WEEKLY FEATURE: Legends Bay Casino Breathes New Life into Reno-Sparks Market

Legends Bay Casino held a grand opening ceremony (l.) August 30, which was 15 years in the making for parent company Olympia Gaming. The property represents the first new-construction casino in the area in nearly 30 years, and features over 600 slots, 10 tables and a sportsbook operated by Circa Sports.

WEEKLY FEATURE:  Legends Bay Casino Breathes New Life into Reno-Sparks Market

After a decade of planning and development, Legends Bay Casino in Sparks, Nevada held its grand opening August 30, becoming the first new casino to open in the Reno-Sparks area in more than 20 years.

A ribbon-cutting ceremony was held prior to the property opening its doors for the first time—among those in attendance were Gary Goett and Court Cardinal, CEO and regional president of Legends’ parent company Olympia Gaming, Sparks Mayor Ed Lawson and Nevada Governor Steve Sisolak, among others.

Sisolak told the Reno Gazette-Journal that the occasion was “a great night for all of Nevada,” and Goett said that although it was “somewhat long in coming,” he was “very excited to be here and share this project with the community.”

Lawson previously served as a city councilman for many years before becoming mayor, and he watched the entire process unfold, starting with Olympia’s acquisition of the site nearly 15 years ago. After substantial hiccups from both the Great Recession and the Covid-19 pandemic caused the development to transform numerous times, he was proud to see the project finally come to fruition, especially given the fact that it took place in Sparks, which doesn’t get nearly as much attention as Reno.

Another reason why the project has been popular among state and local officials is that it was built without the use of STAR bonds—short for Sales Tax Anticipation Revenue —which allow governments to allocate state money to fund development projects based on anticipated future sales tax. This method has been used for other recent projects in the area, such as the Reno Aces stadium as well as the Outlets at Legends complex, which is connected to Legends Bay.

The casino provides about 300 jobs, which is a substantial number in a market such as Reno-Sparks.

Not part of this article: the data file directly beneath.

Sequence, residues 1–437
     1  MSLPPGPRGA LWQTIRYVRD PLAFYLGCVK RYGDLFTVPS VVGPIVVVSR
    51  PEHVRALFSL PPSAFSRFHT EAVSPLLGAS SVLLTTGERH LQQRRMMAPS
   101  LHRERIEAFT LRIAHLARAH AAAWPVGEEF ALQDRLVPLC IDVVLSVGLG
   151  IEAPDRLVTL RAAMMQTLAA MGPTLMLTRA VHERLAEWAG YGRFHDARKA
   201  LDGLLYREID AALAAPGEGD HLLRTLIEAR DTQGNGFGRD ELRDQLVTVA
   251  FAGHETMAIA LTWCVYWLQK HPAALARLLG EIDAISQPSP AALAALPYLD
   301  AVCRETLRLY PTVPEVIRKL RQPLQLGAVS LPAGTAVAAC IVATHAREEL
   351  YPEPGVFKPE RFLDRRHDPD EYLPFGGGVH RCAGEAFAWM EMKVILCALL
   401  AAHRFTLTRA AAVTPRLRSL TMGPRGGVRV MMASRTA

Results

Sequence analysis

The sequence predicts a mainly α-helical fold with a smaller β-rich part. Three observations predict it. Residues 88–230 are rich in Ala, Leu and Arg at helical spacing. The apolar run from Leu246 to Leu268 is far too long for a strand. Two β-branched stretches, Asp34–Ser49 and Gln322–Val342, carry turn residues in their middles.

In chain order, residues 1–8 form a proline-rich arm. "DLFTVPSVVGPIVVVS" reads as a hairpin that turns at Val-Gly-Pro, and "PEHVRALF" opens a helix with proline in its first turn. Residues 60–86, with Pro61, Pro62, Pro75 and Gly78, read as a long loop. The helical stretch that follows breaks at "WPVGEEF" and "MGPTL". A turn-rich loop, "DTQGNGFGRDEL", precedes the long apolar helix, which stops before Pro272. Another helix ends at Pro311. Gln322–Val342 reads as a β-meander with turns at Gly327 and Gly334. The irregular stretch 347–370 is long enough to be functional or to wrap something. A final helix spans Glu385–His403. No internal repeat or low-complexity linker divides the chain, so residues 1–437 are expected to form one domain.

Although the market is rather small compared to Las Vegas, competition is still high, especially given the fact that the other existing casinos in the area have built loyal customer bases for decades. However, Olympia feels that Legends Bay has several new amenities that will make it stand out from the crowd—its sportsbook, which is operated by Las Vegas-based Circa Sports, is chief among them.

Circa CEO Derek Stevens was at the opening ceremony, and told the RGJ that his company was “excited about our first investment in Northern Nevada.”

“By giving Reno-Sparks customers one more sportsbook to play with, it gives them another option which I think is going to be great for locals and our business,” he added.

In all, the casino cost approximately $130 million, which is a substantial investment, but is still well below Oympia’s original estimates. Legends Bay was originally slated to feature its own resort, but shortly after the project broke ground, the company changed gears and decided to open two non-gaming hotels instead until revenue streams regenerated. Those properties, a Hampton Inn and Residence Inn, opened in 2018.

Legends Bay will look to build a customer base in the local market but is also expecting sizable interest from surrounding areas as well. Cardinal, who also oversees Casino Fandango in Carson City, expects a large number of Fandango patrons to make the hour-long trip. He told the Nevada Independent that the new property “really is the buzz of Northern Nevada.”

In all, the 80,000 square-foot property features 665 machines, 10 tables and five dining options, including an indoor food truck pavilion with three trucks.